One phrase that appears again and again is “good enough for now”, a pragmatic attitude to the idea that organisational structure is never perfect, that the moment we’re in leaves us no time to perfect it.
Action meetings, at their best, are business like, action focussed. (Space is made within XR for other kinds of sharing, of grief and frustration for example, under the banner of regeneration)
One ground rule is often expressed at the outset as the acronym W.A.I.T, “Why am I talking?” asking participants to reflect on why they are taking up space. This is great for cutting down on the amount of empty rhetoric and dovetails nicely with the idea “We are all crew”. Woe betide anyone who stands up to say “XR should…” as they rapidly find themselves in charge of making it happen.
Movement of movements
XR also has a practice of reaching out and working alongside other movements, reaching out beyond the ecological movement to support striking workers on picket lines, Black Lives Matter and antifascists, supporting struggles against the forced academisation of a school in Brighton, trying to link up with the People’s Assembly. It wouldn’t be surprising if some tendril or other started bringing in parts of the anti lockdown movement. Its loose structure means that it’s extraordinarily flexible in this regard. It has bodies and resources to deploy, which often outweighs niggles over ideological niceties.
Probably the aspect of XR that makes it the most different from traditional anarchist or left-wing organising, (although very familiar to anyone who was around the anti-roads movement in the ’90s) is its spiritual side.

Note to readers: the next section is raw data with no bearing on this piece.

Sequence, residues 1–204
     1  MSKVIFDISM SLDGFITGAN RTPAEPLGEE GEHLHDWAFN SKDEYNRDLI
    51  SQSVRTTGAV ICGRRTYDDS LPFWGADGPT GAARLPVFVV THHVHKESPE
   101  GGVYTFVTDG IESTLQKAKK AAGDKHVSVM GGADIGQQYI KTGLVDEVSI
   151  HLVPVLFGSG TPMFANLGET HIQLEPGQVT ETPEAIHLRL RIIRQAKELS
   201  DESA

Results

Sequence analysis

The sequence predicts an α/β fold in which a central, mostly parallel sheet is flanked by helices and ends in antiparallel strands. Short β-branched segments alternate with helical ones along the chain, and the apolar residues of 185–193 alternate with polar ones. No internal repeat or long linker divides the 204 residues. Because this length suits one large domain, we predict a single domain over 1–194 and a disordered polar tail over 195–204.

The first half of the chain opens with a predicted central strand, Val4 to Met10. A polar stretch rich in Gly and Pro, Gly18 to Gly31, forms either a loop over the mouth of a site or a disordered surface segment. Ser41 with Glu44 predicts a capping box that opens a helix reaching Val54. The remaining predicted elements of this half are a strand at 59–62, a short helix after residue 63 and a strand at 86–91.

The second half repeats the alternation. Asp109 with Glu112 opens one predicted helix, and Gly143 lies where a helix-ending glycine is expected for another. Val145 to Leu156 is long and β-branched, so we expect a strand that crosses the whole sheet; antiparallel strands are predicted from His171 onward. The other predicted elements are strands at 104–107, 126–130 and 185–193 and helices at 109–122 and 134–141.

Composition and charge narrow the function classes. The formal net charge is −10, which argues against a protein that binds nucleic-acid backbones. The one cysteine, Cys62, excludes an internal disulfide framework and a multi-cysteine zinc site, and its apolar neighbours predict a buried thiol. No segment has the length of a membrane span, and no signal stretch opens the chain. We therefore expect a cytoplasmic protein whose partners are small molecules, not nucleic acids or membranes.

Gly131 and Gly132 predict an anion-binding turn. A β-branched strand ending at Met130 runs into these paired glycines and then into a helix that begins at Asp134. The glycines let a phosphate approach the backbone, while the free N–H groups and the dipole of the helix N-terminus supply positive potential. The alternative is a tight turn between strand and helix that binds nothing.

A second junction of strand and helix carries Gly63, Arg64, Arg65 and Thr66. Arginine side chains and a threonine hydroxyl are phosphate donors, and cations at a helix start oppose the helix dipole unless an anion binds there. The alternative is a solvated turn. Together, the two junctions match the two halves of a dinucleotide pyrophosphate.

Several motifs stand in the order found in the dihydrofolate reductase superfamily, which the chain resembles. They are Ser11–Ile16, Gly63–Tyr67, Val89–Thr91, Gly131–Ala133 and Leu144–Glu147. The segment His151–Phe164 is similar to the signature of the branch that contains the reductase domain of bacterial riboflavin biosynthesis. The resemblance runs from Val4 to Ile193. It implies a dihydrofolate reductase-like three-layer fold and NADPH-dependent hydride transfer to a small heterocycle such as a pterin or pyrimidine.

This open grasp at the spiritual in XR comes from an awareness that facts are not enough. That logic is not sufficient. That being right won’t win the argument. People are motivated by connection, community and the binding power of collective ritual. Just look at how upset thousands of people recently got when there were suggested changes to the European Super League, when the football, their ritual, was threatened.
XR use this tendency very consciously to strengthen and connect its activists, through song, deliberate rituals or the ceaseless beat of the samba drums. A reaching out to the sacred, the beautiful and the psychedelic has changed many people who have come into XR and made them stronger as activists and as a community. Extinction rebellion was conceived in an ayahuasca ceremony by Gail Bradbrook and it shows. Unashamed love and grief for what you love is powerful…
XR doesn’t just draw on New Age and shamanic practices though, there is a strong current that draws on the tradition of Christian dissent. The Rebellions of One, where individuals blocked roads in order to explain the climate crisis or the unannounced speeches on public transport where people stand up and disrupt the rhythms of everyday life to ask those present to think about the gravity of the crisis.
XR clearly don’t have all the answers but there are some valuable signposts there for anyone. Right now, there are hundreds of thousands if not millions in the U.K who realise that things are badly awry. What Naomi Klein calls the “inchoate meta-scream about the unbearable nature of pandemic life under voracious capitalism”. They’re looking for answers.
Once upon a time a strong eco-anarchist counter-cultural movement in the U.K was capable of mobilising thousands, not dozens, to occupy the City of London. It had a lot in common with XR. As we move forward we need to think clearly about how we engage with “liberal” movements. Our critique needs to be accurate, an objective assessment, not a jeerleading diss. We need to put up or shut up, either create our movement or join this en masse and see where we end up.
*(P.S Those blaming XR for the new protest laws are as daft as anyone blaming the striking miners for anti-union legislation).
Note from the editor: this is an opinion piece. Anyone who has counter-points to make is encouraged to send their own opinion piece to us (zb).
Photo by Guy Smallman.